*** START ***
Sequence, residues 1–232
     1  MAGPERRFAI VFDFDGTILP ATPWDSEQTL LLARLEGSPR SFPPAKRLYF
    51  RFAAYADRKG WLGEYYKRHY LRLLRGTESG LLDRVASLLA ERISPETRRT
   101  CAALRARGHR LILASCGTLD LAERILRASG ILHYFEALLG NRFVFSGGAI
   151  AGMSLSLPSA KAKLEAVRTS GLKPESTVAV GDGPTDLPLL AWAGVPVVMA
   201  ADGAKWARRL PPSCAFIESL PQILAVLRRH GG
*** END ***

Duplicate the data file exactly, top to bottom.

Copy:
Sequence, residues 1–232
     1  MAGPERRFAI VFDFDGTILP ATPWDSEQTL LLARLEGSPR SFPPAKRLYF
    51  RFAAYADRKG WLGEYYKRHY LRLLRGTESG LLDRVASLLA ERISPETRRT
   101  CAALRARGHR LILASCGTLD LAERILRASG ILHYFEALLG NRFVFSGGAI
   151  AGMSLSLPSA KAKLEAVRTS GLKPESTVAV GDGPTDLPLL AWAGVPVVMA
   201  ADGAKWARRL PPSCAFIESL PQILAVLRRH GG